Over the last 20 years, the construction and home improvement industries have witnessed a sizable shift toward sustainable, eco-friendly solutions, protecting the environment, and saving energy along the way. The current trends have trickled down into nearly every related industry, including architecture, furnishing, cleaning, remodeling, handyman, and subcontracting.
At the forefront of the current wave of green initiatives is professional home design, where sustainability and energy efficiency ideas begin. Home design gives contractors the ability to set the agenda for smart building solutions that change the industry and make a lasting positive impact on the environment. Below are some sustainable and green home design trends to look out for in 2021 and beyond.
Today, more homeowners are living the urban lifestyle than ever before. However, living urban doesn't necessarily mean living downtown. As all-inclusive, multi-use facilities provide a complete social and shopping experience, within walking distance. Whenever possible, designing and building a home within walking distance reduces fuel costs, which is always good for the environment.
One trend shaping home design is repurposing buildings that are closer to shopping and social venues instead of building a new structure further out. Being sensitive to location also means avoiding hazardous areas such as flood zones, giving a home longer life without the risk of rebuilding due to wind or water damage.
The downsizing trend continues to grow as more people find value in living in smaller spaces. Downsizing reduces energy costs, leaves a smaller carbon footprint, and requires fewer building materials. Other benefits include smaller mortgages, more time spent outside, and less need for cleaning and maintenance materials.
As a contractor, your business may benefit from designing and building more smaller homes than fewer larger homes. This creates opportunities for larger multi-home contracts over time. You also contribute to more sustainable solutions that create a healthier climate.
A smaller house is not always a more sustainable or efficient house. How long the structure lasts and how well it saves energy depends on the layout as it does the size. For instance, a house spread out can lose as much or more energy as a house with two stories. Although the ideal shape for efficiency is a spherical home design, it is not always practical or preferred.
The idea is to make each space within the house as compact as possible. Designing a two-story house with 1,000 square feet in each story will likely save more energy than designing a one-story house that is 2,000 square feet in diameter.
The construction industry is continually looking for innovative ways to mitigate environmental impact and make sustainable and recyclable materials. Using recycled materials can reduce waste significantly and keep landfills from filling up. More companies today are earning green certifications by using recycled materials.
You can play your part by choosing materials that are up to 100 percent recyclable. Materials can range from foundational materials such as concrete, metals, glass, asphalt, and wood to fabrics and plastics used for furnishings, fixtures, and accessories. Don't forget to do your part after each home design project and recycle all your unused materials and equipment.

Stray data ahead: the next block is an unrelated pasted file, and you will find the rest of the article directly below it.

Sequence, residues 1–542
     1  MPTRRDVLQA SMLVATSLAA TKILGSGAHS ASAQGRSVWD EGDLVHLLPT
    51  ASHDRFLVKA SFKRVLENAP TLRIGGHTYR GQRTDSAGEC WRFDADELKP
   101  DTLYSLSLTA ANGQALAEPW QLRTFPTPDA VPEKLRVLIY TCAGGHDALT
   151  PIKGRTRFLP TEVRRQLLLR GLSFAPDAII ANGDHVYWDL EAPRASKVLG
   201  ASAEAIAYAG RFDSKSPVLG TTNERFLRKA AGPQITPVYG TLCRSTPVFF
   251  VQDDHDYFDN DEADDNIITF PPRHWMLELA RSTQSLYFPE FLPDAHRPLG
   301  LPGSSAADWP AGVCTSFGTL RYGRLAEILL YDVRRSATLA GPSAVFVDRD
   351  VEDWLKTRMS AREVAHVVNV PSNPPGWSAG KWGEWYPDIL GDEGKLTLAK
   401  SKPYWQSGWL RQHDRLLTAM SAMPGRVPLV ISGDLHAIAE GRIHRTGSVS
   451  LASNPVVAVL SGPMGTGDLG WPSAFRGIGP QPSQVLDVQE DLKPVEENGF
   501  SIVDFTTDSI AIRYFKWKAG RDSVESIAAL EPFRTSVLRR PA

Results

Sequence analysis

Orientation is vital for a sustainable home. If you live in a colder climate somewhere in the north, you can use proper structural positioning and plenty of windows to draw in heat from the sun. Your home design should include larger windows in the southern end of the house for winter and fewer windows facing west for summer. If you have west-facing windows, you may want to add shutters or an awning to reduce sunlight.
Another idea is to add deciduous trees to the outside of your design. Deciduous trees grow leaves in the summer to block the sunlight and lose the leaves in the winter, allowing more sunlight to enter the house. These types of passive and inexpensive features can make a huge difference when new homeowners move in.
Procuring quality equipment and supplies locally is not always possible. However, working with local vendors reduces the negative environmental impact of shipping. Buying wood from a local mill instead of having it shipped across the country is a green solution that reduces your carbon footprint significantly.
Is there a local stone quarry nearby? Try buying your stone products from your local vendor instead of walking into a box store where you are unsure where the stone came from. You may also be able to find furnishing, cabinets, accessories, flooring, paint, fixtures, and other items that you need to complete your home design.
As a home designer, you can guide your eco-conscious clients through the building process and recommend products during the project. One of the 'non-negotiables' that you should insist on is installing the highest quality insulation in every area of the house – crawl space, walls, attic, etc. Try to get products with the highest R-value, such as polyurethane foam, polyisocyanurate foam, or urea terpolymer foam. The higher the R-value, the more energy-efficient the home is.
Try to get insulation that allows the least amount of air leakage anywhere in the structure. Also, use high-grade seals for doors and windows. Creating a full envelope around the house should include a lot of thought, exceptional design, and healthy investment. While it may be a higher expense upfront, your clients will thank you in the long run.
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